Enough invention to fit a much longer story, and worth the read.

John DeCles. Apprentice.

Young Dafyd the Difficult is apprenticed to a wizard, and there is magicke, gryphons and gems.

Ted White. The Uncertain Past.

A short story looking at time travel. TBH it’s a story that if you gave to someone who has never read any SF, they would probably quite enjoy thanks to the settings and the ideas/questions raised.

But to someone who has been reading SF for a long-time, and can recall writing a school essay about time travel 40 years ago, there wasn’t much fresh to glean from the story, and the location where the protagonists pitch up at the end, and find themselves in great peril, was a fairly obvious one…

D.M. Armstrong. Butterscotch.

Chilling story of an expectant couple plagued by a regular visitation from one of the shambling, dead ‘travelers’ (and the mother-in-law).

Gordon Eklund. I Said I Was Sorry Didn’t I.

Eklund has been writing high-quality SF as long as I have been reading it, and I’m pleased to say that this story is of as high a standard as his best (not always the case with authors decades into their career).

The protagonist is probably as unpleasant a character as you will find – bad enough that he’s the one causing the imminent end of the world (we never find out how), but he’s a Douchebag with a capital C (my description and capitalisation).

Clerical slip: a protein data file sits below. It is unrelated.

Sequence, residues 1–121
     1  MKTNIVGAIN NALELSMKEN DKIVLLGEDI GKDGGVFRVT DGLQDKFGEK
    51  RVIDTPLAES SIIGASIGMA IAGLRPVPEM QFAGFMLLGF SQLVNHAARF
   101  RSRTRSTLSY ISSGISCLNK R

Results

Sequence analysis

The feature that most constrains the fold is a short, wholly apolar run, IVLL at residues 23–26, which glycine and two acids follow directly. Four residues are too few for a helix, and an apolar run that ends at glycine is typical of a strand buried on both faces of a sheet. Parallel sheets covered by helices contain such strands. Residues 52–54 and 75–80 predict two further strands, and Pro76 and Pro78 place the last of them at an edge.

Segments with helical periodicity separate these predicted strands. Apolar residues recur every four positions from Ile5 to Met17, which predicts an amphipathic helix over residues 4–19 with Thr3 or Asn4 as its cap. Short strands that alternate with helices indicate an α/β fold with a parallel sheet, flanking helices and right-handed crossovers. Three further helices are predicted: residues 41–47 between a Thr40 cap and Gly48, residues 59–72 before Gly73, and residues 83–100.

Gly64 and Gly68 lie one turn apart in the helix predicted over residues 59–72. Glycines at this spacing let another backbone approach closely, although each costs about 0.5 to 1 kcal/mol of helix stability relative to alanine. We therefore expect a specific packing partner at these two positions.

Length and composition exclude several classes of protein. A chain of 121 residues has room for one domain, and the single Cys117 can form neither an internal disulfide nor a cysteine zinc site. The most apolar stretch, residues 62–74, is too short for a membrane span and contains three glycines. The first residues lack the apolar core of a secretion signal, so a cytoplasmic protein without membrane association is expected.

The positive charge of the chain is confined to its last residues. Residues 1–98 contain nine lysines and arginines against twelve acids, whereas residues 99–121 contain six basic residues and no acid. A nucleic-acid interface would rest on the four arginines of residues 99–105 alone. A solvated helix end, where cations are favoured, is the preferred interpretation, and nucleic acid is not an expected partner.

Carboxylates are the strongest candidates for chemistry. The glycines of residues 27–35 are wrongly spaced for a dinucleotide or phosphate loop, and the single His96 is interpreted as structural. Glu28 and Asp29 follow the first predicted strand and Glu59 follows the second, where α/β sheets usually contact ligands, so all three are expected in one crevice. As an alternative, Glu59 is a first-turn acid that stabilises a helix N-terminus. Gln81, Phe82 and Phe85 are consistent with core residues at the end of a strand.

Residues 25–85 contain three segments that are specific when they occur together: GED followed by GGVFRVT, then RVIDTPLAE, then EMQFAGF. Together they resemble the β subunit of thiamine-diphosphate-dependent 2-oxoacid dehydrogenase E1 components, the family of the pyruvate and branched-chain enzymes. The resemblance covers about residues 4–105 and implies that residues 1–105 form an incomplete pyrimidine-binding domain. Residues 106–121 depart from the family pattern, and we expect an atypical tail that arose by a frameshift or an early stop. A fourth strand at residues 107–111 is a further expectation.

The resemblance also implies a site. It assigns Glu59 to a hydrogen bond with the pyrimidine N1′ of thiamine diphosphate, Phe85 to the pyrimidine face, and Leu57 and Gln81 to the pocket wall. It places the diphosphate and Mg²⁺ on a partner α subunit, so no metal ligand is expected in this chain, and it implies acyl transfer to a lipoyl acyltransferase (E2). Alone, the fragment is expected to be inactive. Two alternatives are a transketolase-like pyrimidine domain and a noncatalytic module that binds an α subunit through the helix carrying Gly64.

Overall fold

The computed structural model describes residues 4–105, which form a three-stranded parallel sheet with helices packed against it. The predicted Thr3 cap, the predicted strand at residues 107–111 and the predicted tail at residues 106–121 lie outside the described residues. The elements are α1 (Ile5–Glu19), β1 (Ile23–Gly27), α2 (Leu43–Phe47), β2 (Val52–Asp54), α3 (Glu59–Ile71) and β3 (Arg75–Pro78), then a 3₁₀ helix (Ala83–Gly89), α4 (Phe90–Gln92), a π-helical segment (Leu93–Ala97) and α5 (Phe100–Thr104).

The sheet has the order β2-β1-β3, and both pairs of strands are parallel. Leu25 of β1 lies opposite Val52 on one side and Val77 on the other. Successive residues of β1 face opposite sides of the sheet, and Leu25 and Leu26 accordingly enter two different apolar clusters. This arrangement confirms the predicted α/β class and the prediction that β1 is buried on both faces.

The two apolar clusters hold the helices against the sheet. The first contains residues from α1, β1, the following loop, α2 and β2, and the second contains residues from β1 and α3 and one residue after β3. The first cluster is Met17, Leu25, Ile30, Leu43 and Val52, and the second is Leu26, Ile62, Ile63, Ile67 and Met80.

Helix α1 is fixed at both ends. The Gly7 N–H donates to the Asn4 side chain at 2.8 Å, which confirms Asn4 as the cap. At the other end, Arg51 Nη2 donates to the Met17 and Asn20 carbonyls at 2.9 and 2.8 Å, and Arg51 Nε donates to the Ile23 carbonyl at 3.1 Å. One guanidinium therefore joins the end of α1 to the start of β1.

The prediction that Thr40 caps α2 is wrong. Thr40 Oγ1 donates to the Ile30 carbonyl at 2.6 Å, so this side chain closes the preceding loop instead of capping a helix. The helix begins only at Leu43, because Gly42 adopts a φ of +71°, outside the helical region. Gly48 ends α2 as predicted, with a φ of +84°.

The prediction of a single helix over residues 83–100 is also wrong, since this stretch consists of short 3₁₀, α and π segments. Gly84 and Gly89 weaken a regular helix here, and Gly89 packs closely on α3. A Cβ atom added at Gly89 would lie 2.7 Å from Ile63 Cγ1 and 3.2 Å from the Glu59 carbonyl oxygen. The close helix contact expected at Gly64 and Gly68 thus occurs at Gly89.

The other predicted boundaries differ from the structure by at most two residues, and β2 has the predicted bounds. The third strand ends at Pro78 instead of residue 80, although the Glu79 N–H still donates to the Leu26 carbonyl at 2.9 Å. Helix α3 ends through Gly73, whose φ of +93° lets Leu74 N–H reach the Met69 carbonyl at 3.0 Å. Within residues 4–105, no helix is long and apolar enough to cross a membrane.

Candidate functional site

He’s extremely uncomplimentary about his wife, and entirely self-absorbed and obsessed, and thrown out of the house by his wife, he throws himself at the mercy of his sisters. One is a writer (who writes novelisations of old TV series, a neat touch once you know wiki was a novelizer of Star Trek TOS Back in the Day).

The story follows him through the last hours, as another sister (memorably outfitted in an outfit that Paul Di Filippo could have dreamt up) helps point him in the right direction (looking up as the stars go out).

Rob Chilson. Our Vegetable Love.

Nice fantasy story from Chilson, although to be clear, the story features trees, not vegetables! In a rural community, following the disappearance of the local wizards, trees which have absorbed the memories of those who have dies, have to help the villagers in clearing new saplings.

One young girl thinks she is so-o old enough to join the work, and of course…

Michael Libling. Draft 31.

Deceptively clever story from Libling – you have to pay attention from the offset to pick up clues as to what is actually happening.

Ostensibly, a GP has returned to his hometown, wife in tow, and his old highschool sweetheart turns up, concerned about the behaviour of her teenage son, and his ‘invisible friends’.

However, it turns out that something much bigger is afoot, as the strength of the doctor’s desire to get what he realises he really wanted from life becomes chillingly clear.

Conclusion

Clearly something is wrong with the time-space continuum as there’s way too much content to fit into even 250-odd pages, and it must be something to do with superdense dark matter that has meant I’ve been reading the issue since April. And there’s some excellent stories in the issue.